NEWS29 October 2015

The continuing rise of super-selectivism

Media News Public Sector UK

UK — The combination of scepticism, marketing savvy and online filtering has fed the continuing rise of super-selectivism, says Ben Shimshon of Britain Thinks.

Super-selectivism is a form of confirmation bias “on steroids” says Shimshon – confirmation bias describes the tendency to search for, interpret, prefer and recall information in a way that confirms one’s existing beliefs.

Speaking at the Market Research Society (MRS) Customers Exposed conference in London today, Shimshon described a piece of work that Britain Thinks had done in conjunction with The Guardian around the time of the UK’s General Election. 60 participants were asked to send daily diaries from their mobile phones of messages they had heard from the media and other sources from the different parties. Rather than seeing a reflection of the varied messages that were being communicated, analysis showed that what participants fed back were almost exclusively in line with their existing affiliations.

Shimshon claimed that this super-selectivism was driven by a combination of a rise in scepticism and marketing savvy, combined with the ability of online technology to filter information according to our interests and previous behaviour. There are three stages that can be affected: seeking out and selecting information, interpreting it, and remembering it, he says. In seeking out information, time-poor people will often take cues from ‘elites’, that is, high profile people or those that are seen to be thought leaders. This can lead to a greater polarisation in beliefs as the views of these ‘elites’ diverge, he explained.

To illustrate the effect of confirmation bias on interpretation of information, Shimshon referred to the work of Dan Kahan, a professor of law and psychology at Yale University. Kahan gave study participants, of varying levels of numeracy, statistical information on the efficacy of a face cream, and found that those who were more numerate came to the correct conclusion on whether the cream was worth using than those who struggled with maths. When precisely the same statistics were used to illustrate the effect of gun control legislation, the ability to correctly interpret the statistics was directly affected by participants’ political leanings: people became less rational and able to compute when the evidence contradicted their existing views.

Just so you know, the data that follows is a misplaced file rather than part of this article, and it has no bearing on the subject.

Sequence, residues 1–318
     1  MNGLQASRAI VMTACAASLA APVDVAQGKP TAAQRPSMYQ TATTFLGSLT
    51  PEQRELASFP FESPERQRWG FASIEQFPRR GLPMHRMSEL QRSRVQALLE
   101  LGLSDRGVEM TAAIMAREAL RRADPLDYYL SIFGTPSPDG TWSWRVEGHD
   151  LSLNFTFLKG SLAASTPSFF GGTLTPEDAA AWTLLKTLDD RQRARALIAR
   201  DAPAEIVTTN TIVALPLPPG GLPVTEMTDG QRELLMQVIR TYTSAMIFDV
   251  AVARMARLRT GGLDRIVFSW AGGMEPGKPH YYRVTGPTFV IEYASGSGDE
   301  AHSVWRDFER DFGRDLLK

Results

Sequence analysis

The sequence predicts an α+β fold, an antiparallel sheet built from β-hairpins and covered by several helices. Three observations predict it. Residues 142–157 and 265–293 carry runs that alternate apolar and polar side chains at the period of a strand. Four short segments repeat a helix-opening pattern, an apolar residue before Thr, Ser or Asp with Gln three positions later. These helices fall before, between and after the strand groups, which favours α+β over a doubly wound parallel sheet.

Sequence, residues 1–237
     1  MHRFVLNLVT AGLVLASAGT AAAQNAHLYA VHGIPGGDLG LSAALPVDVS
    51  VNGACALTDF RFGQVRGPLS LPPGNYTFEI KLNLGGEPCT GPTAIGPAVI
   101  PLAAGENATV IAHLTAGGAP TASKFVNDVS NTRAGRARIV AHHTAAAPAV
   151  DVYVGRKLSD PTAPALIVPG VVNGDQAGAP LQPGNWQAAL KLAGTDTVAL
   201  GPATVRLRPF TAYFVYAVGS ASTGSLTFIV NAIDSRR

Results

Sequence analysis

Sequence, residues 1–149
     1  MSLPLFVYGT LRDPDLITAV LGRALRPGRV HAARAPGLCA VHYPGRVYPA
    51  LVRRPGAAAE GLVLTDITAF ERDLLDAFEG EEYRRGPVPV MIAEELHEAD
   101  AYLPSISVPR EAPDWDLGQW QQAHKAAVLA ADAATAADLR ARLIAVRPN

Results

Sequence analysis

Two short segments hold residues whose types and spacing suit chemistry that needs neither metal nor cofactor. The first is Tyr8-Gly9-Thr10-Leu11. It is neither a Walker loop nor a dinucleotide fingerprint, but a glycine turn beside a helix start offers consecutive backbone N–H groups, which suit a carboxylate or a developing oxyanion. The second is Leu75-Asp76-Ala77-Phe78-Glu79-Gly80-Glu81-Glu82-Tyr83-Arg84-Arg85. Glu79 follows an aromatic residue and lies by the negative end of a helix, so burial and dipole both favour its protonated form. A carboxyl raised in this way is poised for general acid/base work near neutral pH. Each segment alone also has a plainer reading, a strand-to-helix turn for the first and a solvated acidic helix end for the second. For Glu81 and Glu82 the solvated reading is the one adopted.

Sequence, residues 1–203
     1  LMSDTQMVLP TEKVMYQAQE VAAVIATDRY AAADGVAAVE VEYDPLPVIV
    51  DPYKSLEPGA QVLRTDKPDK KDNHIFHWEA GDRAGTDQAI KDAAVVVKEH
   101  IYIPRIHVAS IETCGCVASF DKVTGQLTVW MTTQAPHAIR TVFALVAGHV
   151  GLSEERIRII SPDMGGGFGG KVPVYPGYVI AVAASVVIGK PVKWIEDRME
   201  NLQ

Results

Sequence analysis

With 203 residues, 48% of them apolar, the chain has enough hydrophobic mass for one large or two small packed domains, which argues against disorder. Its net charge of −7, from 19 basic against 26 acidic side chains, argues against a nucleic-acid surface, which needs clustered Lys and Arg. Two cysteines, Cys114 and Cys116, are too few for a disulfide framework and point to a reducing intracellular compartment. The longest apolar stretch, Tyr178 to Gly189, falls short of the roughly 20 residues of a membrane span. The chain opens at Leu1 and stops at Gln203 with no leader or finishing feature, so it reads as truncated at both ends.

Shimshon also used a scientific example from Schwarz, who looked into the recall of messages surrounding vaccinations, to illustrate the effect that existing beliefs can have on recall of messages – people are more likely to falsely recall messages if the original message was not in line with their existing beliefs. This effect increases over time.

Putting behavioural biases aside, the fact that, as Shimshon said, “we only see a tiny corner of the internet” also adds to the growing problem for communicators. He gave an example of two Twitter feeds — of a Jeremy Corbyn supporter and a non-Corbyn supporter — from the same time period, after searching for references to Corbyn, to show how different the messages we are exposed to can be, depending on our affiliations. The supporter saw exclusively positive messages, the detractor exclusively negative.

To combat the effects of super-selectivism, said Shimshon, it’s vital to start early with messaging as it is very difficult to contradict views once they become ingrained. It’s also important to identify and understand your ‘swing voters’, he says, in order to stand the best chance of reaching the people whose opinions are most open to change. Lastly, says Shimshon, you must “start from where people are, not where you wish they were”.

1 Comment

4 years ago

Now apply this knowledge to survey research. What do people say they remember about ads and commercials? Those things that match their own beliefs. It's not necessarily that people remember the parts of ads that were more clearly communicated, but rather the parts of ads that better match their beliefs. Interesting.

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